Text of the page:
Tuesday, January 05, 2010

Perhaps Enterprise Computing -> Prosumer Computing

Tim is on to something here. Methinks there is indeed something distinctly wrong with enterprise systems/enterprise computing in the same way that "enterprise class coffee" or "enterprise class combustion engine" sound distinctly wrong.

Lets take a potted history of how computing has evolved. Where in the ecosystem have the innovation and growth and new "standard models" come from? From enterprise class down or consumer class up?

The latter in most cases I think. Something cool gets invented for use by the masses (or by academics) and then "professional" users look at it and say "Hey! I can use that in my business."

I think a comparison with digital photography is not without merit. There are entry level cameras, there are good-enough cameras, there are prosumer cameras and ... well, after that it is a fuzzy line. Every year - or so it seems to me, something that that was professional-only the year before becomes prosumer and from there often goes all the way down to consumer.

Databases, hypertext engines, word processors, no-nonsense web services...all being born in the non-enterprise space, all climbing their way steadily into what I think of as a prosumer computing space. The big question - how much "enterprise computing" is gradually morphing into prosumer computing? I.e. how much is increasingly based on essentially the same technological bits the masses use for knocking out database apps and editing docs and creating presentations...?

Will there much of anything left which is truly enterprise only?

Dunno.

3 comments:

webmink said...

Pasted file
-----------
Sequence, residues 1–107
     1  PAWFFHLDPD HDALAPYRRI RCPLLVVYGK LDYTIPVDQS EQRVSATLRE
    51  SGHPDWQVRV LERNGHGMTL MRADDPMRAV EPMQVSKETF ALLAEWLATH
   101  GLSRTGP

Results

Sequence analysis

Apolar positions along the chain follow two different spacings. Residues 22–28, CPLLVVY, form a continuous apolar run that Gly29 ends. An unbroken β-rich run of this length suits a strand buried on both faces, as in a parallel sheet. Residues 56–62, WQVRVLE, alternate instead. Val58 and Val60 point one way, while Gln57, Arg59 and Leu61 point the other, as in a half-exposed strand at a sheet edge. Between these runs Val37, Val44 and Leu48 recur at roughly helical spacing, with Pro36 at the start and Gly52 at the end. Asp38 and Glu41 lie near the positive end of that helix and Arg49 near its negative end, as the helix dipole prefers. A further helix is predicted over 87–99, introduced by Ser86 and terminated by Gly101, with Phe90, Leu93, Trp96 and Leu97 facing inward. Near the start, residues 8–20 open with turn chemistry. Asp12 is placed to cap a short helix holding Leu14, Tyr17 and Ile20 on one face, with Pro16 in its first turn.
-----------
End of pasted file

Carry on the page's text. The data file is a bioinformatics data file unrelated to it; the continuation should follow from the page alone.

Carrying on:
I think we all saw the potential for this at the turn of the last decade, in the "small pieces loosely joined by networks" vision. Sadly we allowed it to be corrupted by "enterprise quality" into more of the same monoculture that had entrapped us in the 90s into making enormous, brittle systems.

This time - with open source, REST and a drive to open data as our tools - we need to have the collective courage to speak up against the voices of "enterprise quality" who just want to protect their consulting fees...

jnowl said...

Agreed. Been thinking lately about how the new home pc is 4+ times more powerful than my work pc. Leaving aside that the nxt work upgrade cycle will presumably provide me with a more powerful pc it strikes me that there has ~recently~ been a switch to where consumer devices can be more powerful than 'enterprise' devices, to a degree.

Anonymous said...

Databases such as IMS were created for corporate usage. Word processors were created by companies such as Wang to sell to other corporations. Sabre is an early corporate multi-terminal database for selling airplane seats. But you are correct that most formerly enterprise services can now be used in the home. Scheduled consistently good off-site backup is the only thing missing. Perhaps also missing is someone monitoring services to ensure the services are working.